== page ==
I’m meeting with my editor from Little, Brown at the end of the week to run through ideas for the next cookbook (which I claimed I wouldn’t write … so sue me; perhaps it’s an illness). But I honestly don’t know what to explore. So I’m coming here for ideas. Of course, I always have teaching in mind when I write a cookbook, teaching myself, first and foremost. But I’d like to put the question out to home cooks and chefs alike. What book is most necessary, what cookbook doesn’t yet exist? Sous vide is ever on my mind, but I don’t know if that’s the right thing to do. Also, there are now several good books out there on the subject from people who have more experience than I. Modernist Cuisine Made Easy, sous vide Read On »
Posts Categorized: Writing
When the formidable Andrea Nguyen, author and teacher, wrote to me asking for help in promoting a kickstarter on behalf of a book about another of the country’s most important writers about food, I was eager to help. Within a day or two, Andrea wrote to say that they had reached their too-modest goal. But I still wanted to help and keep promoting because their print run is far smaller than it should be. This is potentially an important book about food and memory. So herewith, Andrea’s ode to Paula Wolfert (pictured above).–M.R. By Andrea Nguyen “I live in the now. I live for today and I make it work for me,” says Paula Wolfert in the Kickstarter video to fund a new book about her and her work. She’s speaking to lifestyle adjustments she’s made since her Read On »
The word of the year, “selfie” explained by cartoonist Robert Mankoff, via New Yorker.
All I wanted for my fiftieth birthday was to eat all the lobster I could, with a good white wine and a Blanton’s bourbon after. I remember when my mom turned fifty because Donna insisted on doing something special for her, while I lamely lay in bed, scratching my head (within the hour she’d marshaled friends and chartered a plane to Key West for lunch). My dad did a fifty-mile bike ride on his fiftieth with his girlfriend Pat; she was incensed by the arduous journey (“Rip,” she hissed, “you don’t need a woman, you need a machine,” to which he replied, “I just realized it’s my fiftieth birthday”). They were so much older, fifty an impossibly remote age to me, a 25-year-old. Yet here I am now, on that very day. In a wistful Read On »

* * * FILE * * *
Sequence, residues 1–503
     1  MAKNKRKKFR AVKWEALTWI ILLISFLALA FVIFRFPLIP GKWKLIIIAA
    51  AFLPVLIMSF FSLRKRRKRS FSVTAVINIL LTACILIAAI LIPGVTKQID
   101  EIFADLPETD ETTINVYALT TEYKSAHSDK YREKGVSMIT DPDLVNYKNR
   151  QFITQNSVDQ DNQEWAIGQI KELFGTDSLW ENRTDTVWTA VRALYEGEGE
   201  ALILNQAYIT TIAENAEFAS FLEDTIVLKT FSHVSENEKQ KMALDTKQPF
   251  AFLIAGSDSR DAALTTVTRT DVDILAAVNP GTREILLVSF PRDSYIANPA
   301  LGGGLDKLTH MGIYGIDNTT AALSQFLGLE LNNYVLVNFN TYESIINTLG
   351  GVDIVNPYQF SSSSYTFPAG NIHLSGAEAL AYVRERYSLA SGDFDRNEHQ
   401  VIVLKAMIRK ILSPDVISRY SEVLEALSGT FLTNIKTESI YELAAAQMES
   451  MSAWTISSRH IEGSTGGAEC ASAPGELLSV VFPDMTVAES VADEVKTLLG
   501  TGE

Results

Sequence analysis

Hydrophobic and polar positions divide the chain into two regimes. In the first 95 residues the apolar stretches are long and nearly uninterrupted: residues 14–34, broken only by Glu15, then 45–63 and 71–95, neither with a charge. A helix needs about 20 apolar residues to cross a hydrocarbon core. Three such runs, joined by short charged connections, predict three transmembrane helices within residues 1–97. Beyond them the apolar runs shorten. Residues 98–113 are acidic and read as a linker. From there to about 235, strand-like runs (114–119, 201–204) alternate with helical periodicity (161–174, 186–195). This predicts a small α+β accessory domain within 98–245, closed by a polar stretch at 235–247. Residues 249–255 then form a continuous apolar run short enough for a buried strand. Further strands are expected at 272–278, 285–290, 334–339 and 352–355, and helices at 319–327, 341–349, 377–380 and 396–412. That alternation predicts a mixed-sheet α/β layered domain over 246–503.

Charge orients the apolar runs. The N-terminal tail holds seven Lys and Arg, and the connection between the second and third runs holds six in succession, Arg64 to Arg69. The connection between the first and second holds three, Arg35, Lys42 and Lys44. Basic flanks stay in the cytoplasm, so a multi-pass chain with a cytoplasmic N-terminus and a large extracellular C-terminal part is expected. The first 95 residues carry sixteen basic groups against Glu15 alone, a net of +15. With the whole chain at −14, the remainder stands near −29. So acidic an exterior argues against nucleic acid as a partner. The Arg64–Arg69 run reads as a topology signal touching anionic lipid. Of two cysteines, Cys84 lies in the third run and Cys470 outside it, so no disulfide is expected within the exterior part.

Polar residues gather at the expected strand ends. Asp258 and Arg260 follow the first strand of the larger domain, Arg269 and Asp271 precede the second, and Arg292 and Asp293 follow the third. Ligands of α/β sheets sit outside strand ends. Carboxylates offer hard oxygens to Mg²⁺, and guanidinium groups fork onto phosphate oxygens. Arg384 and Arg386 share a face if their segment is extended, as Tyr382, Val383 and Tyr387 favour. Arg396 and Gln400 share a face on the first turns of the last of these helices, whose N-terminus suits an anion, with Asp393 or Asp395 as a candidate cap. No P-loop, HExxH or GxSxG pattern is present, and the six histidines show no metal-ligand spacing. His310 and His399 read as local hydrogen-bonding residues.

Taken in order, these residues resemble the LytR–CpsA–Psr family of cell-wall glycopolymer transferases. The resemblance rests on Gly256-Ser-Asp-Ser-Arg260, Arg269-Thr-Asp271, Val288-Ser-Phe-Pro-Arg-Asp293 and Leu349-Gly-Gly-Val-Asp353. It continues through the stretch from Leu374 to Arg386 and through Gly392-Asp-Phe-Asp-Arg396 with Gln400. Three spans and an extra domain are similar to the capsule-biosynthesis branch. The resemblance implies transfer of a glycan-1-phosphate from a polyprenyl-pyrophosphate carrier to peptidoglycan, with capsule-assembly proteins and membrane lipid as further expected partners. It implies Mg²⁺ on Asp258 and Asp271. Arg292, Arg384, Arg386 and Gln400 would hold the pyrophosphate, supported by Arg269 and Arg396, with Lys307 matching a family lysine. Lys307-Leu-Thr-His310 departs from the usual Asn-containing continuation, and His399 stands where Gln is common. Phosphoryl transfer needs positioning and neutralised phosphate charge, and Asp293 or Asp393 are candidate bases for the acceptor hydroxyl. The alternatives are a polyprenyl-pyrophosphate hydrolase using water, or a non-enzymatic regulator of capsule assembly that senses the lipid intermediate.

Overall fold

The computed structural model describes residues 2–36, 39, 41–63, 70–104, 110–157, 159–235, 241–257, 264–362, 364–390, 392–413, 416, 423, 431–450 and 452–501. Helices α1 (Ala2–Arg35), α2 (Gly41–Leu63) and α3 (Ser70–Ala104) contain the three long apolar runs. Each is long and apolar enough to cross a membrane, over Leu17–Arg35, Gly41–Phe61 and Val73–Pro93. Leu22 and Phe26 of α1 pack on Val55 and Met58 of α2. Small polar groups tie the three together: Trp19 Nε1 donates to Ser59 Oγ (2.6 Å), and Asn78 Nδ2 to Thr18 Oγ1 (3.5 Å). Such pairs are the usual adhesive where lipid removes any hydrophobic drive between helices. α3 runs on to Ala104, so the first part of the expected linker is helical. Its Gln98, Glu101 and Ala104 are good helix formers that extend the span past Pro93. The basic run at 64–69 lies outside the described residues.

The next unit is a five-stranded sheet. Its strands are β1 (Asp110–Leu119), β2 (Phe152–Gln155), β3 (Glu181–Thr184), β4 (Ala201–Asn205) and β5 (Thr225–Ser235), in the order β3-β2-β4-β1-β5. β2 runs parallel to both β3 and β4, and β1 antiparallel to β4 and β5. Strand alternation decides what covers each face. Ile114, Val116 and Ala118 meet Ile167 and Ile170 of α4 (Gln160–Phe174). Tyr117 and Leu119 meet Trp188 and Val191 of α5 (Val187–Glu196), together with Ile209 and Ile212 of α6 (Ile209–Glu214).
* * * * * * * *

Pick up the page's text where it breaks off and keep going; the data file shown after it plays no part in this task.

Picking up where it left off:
A year ago, my neighbor, Lois Baron, said she had to leave a party early to make schmaltz, as the High Holy days of the Jewish year approached and she was the cook in the family. Long having wanted to explore this oft-maligned fat, I asked for Lois’s help in understanding its history and use. (Almost everyone refers to it as “heart attack food,” but it’s not. It’s good for you! In moderation. Lois is in her 70s and cooks like a banshee, her husband Russell is in his 80s and still practices law, and Lois’s mom cooked schmaltz well into her 90s, though she wouldn’t admit it.) Schmaltz, rendered chicken fat flavored with onion, was such an odd topic, and so focused, it didn’t seem like a big-book idea, so Donna encouraged me to Read On »